Actresses in the 1700's
were generally not regarded with the respect that men were. The stage was not a woman's world as it was said to be better
suited for men. On one hand women were looked down upon if they acted, as it was un-ladylike; On the other
hand, women were viewed as celebrities if they were actresses, as they kept the aristocracy and royalty entertained as well
as ocasionally socialized with them. It is competely different when we think of modern day actresses, who are among the highest
paid, influential and idolized women in the world.
was expected from actors during this time, as well with the actresses that were working right along with them. Women were
expected to keep the pace and work just as hard as men. Rehearsals were held every morning for several hours and performed
every afternoon at the theatre. Usually, any performance that took place during the evening was held for the court, simply
for mere formality. Acting was at the forefront of these women's lives, as it was a very demanding job. "A successful
leading lady might have to learn about 30 different parts in one season."
It was quite a competitive job, for male parts were in much higer abundance that were those for women."There were fewer parts
forwomen than for men which led to well documented arguments between actresses over casting and costimes." http:/peopleplayuk.org/timelines/women.php?year=1&
Unlike today, females
were expected to have many different talents, they needed to be well rounded and not just be able to act. The leading
lady especially needed to be quite skilled in different areas. She was required to read, sing, to dance and to speak
loud and strong- (to avoid being drowned out by men.) These were all considered upper class skills. Many people
did not have these skills so most actresses originated from good families who had come "down in the world." From the time
of the Restoration, acting and performing were connected with prostitution and the like. This was another reason why women
were not particularly respected, as skeptics viewed them immoral characters. Certainly, some actresses were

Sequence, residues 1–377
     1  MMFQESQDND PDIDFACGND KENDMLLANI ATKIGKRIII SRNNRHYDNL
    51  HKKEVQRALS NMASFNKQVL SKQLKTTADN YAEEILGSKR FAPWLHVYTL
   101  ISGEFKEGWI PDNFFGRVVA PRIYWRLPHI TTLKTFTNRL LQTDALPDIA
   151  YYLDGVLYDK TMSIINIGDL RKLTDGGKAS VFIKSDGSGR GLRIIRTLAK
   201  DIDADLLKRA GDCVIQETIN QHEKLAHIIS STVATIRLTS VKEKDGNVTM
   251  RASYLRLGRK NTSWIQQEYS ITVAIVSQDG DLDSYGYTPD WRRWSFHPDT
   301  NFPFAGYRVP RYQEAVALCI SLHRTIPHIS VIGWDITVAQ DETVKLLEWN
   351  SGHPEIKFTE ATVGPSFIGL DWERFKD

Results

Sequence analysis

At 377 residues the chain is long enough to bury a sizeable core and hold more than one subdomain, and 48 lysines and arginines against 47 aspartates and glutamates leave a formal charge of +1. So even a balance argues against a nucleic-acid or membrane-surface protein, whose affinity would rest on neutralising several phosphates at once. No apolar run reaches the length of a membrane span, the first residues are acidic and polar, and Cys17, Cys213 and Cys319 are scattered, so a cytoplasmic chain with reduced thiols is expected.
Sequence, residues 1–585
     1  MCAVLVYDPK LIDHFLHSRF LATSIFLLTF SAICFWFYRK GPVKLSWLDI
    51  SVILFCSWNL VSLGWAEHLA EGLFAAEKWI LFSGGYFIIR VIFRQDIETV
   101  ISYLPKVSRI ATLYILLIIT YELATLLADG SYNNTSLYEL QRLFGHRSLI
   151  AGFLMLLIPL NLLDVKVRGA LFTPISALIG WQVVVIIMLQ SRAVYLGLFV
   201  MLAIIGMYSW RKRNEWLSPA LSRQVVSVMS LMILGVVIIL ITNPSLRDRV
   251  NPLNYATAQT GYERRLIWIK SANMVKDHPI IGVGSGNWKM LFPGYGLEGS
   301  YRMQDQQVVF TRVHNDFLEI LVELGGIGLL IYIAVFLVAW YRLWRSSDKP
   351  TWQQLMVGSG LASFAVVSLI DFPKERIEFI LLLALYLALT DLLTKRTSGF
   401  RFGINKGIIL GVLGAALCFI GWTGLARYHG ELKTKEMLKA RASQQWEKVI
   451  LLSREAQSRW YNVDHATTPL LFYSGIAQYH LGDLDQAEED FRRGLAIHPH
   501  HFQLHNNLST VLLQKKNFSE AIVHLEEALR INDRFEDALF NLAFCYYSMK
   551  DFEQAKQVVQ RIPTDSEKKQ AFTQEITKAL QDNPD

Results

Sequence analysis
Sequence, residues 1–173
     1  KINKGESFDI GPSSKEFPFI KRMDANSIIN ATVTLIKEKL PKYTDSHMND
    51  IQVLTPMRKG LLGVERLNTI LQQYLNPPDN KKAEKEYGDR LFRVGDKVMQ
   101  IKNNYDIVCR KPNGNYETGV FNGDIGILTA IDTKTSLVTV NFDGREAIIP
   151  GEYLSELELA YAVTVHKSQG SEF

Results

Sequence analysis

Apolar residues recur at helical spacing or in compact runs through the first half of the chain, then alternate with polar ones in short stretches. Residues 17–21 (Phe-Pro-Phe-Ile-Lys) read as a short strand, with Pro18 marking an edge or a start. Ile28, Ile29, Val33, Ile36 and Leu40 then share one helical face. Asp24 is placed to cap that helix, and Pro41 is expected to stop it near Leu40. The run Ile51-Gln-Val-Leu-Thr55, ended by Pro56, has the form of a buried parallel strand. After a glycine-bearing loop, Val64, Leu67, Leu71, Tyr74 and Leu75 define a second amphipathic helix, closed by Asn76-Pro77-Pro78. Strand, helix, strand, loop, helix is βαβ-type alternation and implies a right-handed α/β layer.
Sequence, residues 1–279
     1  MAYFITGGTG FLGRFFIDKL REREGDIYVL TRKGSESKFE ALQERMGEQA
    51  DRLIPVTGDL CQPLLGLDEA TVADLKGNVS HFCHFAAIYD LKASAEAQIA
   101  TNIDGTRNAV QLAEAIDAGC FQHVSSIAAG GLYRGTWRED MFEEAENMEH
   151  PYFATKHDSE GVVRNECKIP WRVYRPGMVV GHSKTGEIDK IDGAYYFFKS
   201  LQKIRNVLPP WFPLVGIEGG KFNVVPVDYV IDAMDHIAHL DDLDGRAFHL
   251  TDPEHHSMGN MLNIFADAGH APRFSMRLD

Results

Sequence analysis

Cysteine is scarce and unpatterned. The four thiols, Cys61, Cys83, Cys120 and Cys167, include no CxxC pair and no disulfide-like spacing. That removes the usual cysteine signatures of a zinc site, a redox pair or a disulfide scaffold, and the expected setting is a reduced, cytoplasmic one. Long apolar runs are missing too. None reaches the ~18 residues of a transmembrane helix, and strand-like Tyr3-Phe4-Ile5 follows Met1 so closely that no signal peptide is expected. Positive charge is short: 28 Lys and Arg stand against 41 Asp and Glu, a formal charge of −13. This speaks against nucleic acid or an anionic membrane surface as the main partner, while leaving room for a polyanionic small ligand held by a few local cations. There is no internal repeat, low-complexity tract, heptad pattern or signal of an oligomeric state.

brought onto stage from their connections with the audience and general public.
The stages of the theatres
during this period were decorated with painted perspective settings as well with props and furniture. The stage was
separated from the auditorium by the familiar proscenium, which translates directly to "picture frame". Many of these have
moldings and artistic carvings to accentuate the frame. The lighting was bright, as most attention was focused on the actors
and what they were doing. By this time the inside of theatres were decorated beautifully and seating was comfortable as well
Females On Stage?
professional actors were male for the first part of history. It was not until the Restoration period in 1660 that women came
onto the stage. When Charles II, was on the throne, he did not want young men to play women’s parts anymore, he
demanded that only women play their own parts. Charles was noted with having relations with several actresses himself. Many
of the women’s parts were called ‘breeches parts’, this was where women played the part of a male. Audiences
during this time of course found this intriguing, daring and quite appealing. Women of course were aware of the advantage
they had by showing their legs on stage. At the end of one play it was noted that a woman by the name of Elizabeth Boutell
added to lines: “Tis worth such money that such legs appear. These are not to be seen so cheap elsewhere.” (http://www.peopleplayuk.org.uk/timelines/women.php?year=1&) Around the same time, female playwrights started to have their plays and skits actually performed
on stage. This indeed was liberating for women as well as women being able to portray the characters they were interested
in playing. Not only was it a way for women to begin to earn their own money, it proved that the attendance of the plays did
not diminish, but grow due to women being on stage.